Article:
Let no one think, that in saying this I exaggerate and make an idle boast of doing something which is beyond my strength. I shall not be led by any boyish ambition to descend to his vulgar level in a contest of mere arguments and phrases. Where victory is a useless and profitless thing, we yield it readily to those who wish to win; besides, we have only to look at this mans long practice in controversy, to conclude that he is quite a word-practitioner, and, in addition, at the fact that he has spent no small portion of his life on the composition of this treatise, and at the supreme joy of his intimates over these labours, to conclude that he has taken particular trouble with this work. It was not improbable that one who had laboured at it for so many Olympiads would produce something better than the work of extempore scribblers. Even the vulgar profusion of the figures he uses in concocting his work is a further indication of this laborious care in writing 63 . He has got a great mass of newly assorted terms, for which he has put certain other books under contribution, and he piles this immense congeries of words on a very slender nucleus of thought; and so he has elaborated this highly-wrought production, which his pupils in error are lost in the admiration of;—no doubt, because their deadness on the vital points deprives them of the power of feeling the distinction between beauty and the reverse:—but which is ridiculous, and of no value at all in the judgment of those, whose hearts insight is not dimmed with any soil of unbelief. How in the world can it contribute to the proof (as he hopes) of what he says and the establishment of the truth of his speculations, to adopt these absurd devices in his forms of speech, this new-fangled and peculiar arrangep. XXXVII ment, this fussy conceit, and this conceited fussiness, which works with no enthusiasm for any previous model? For it would be indeed difficult to discover who amongst all those who have been celebrated for their eloquence he has had his eye on, in bringing himself to this pitch; for he is like those who produce effects upon the stage, adapting his argument to the tune of his rhythmical phrases, as they their song to their castenets, by means of parallel sentences of equal length, of similar sound and similar ending. Such, amongst many other faults, are the nerveless quaverings and the meretricious tricks of his Introduction; and one might fancy him bringing them all out, not with an unimpassioned action, but with stamping of the feet and sharp snapping of the fingers declaiming to the time thus beaten, and then remarking that there was no need of other arguments and a second performance after that.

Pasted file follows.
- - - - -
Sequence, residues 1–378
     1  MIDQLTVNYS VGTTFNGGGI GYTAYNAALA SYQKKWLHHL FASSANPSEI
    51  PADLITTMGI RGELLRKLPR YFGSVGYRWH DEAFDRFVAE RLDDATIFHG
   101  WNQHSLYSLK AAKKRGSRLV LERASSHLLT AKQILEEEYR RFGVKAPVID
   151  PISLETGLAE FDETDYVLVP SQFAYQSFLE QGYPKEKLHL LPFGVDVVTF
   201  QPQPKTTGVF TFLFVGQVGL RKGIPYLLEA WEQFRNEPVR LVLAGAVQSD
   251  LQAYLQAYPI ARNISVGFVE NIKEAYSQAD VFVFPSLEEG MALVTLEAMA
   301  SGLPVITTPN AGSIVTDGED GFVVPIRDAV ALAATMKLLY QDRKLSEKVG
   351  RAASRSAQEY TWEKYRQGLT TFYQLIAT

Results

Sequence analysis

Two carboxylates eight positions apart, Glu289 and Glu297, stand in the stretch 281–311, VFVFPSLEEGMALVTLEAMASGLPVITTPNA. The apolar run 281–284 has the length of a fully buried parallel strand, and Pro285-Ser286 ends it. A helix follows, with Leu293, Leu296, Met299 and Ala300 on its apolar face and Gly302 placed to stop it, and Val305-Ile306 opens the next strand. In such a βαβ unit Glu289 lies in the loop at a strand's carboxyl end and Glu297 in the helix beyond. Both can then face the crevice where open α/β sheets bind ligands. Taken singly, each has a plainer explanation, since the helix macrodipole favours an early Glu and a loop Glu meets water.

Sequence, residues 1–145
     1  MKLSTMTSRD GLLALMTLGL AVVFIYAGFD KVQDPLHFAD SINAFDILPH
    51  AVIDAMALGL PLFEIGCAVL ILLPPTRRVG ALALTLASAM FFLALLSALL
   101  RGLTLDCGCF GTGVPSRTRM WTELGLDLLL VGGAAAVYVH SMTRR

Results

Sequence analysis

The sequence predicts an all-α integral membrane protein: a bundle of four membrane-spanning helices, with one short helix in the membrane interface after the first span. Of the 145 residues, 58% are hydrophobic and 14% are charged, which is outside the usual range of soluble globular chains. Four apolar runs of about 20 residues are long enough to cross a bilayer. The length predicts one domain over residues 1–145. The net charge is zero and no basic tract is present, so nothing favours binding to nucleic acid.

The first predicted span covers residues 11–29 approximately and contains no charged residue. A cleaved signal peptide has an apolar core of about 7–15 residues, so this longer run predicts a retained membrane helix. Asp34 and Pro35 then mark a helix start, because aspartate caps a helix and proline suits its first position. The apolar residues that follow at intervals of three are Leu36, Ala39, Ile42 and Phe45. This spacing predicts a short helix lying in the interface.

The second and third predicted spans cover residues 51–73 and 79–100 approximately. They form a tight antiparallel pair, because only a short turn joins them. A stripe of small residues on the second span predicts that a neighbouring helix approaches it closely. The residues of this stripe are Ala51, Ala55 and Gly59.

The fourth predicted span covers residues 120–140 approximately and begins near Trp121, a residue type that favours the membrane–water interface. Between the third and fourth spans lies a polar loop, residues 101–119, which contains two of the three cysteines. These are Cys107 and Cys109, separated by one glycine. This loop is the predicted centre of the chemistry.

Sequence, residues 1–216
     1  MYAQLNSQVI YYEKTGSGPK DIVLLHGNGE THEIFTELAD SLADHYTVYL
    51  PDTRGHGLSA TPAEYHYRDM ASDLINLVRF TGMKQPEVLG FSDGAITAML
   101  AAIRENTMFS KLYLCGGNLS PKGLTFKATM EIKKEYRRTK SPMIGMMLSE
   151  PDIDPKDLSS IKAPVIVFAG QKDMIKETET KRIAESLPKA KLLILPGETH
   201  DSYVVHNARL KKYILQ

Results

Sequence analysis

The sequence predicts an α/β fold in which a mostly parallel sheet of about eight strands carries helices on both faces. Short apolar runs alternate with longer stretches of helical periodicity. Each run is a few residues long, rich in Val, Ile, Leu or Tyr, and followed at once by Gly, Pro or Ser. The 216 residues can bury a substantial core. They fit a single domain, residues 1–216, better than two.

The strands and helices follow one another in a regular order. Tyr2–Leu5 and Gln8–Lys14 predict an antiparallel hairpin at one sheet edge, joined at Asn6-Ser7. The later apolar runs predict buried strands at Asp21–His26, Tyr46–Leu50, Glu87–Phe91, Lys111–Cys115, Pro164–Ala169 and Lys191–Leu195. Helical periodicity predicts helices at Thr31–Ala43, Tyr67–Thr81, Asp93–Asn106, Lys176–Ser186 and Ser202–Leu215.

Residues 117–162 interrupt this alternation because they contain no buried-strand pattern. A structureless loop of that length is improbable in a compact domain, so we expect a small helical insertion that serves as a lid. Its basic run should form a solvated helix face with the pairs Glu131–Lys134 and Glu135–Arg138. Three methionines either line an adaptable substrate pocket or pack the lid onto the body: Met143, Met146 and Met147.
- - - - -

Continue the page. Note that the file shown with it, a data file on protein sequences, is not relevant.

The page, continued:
Photius reports very much the same as to his style, i.e. he shows a prodigious ostentation: uses words difficult to pronounce, and abounding in many consonants, and that in a poetic, or rather a dithyrambic style: he has periods inordinately long: he is obscure, and seeks to hide by this very obscurity whatever is weak in his perceptions and conceptions, which indeed is often. He attacks others for their logic, and is very fond of using logic himself: but as he had taken up this science late in life, and had not gone very deeply into it, he is often found making mistakes.
The book of Eunomius which Photius had read is still extant: it is his Apologeticus in 28 sections, and has been published by Canisius (Lectiones Antiquæ, I. 172 ff.). His ἔκθεοις τῆς τίστεως, presented to the emperor Theodosius in the year 383, is also extant. This last is found in the Codex Theodosius and in the mss. which Livineius of Ghent used for his Greek and Latin edition of Gregory, 1574: it follows the Books against Eunomius. His Apologia Apologiæ, which he wrote in answer to Basils 5 (or 3) books against him, is not extant: nor the δευτερὸς λόγος which Gregory answered in his second 12th Book.
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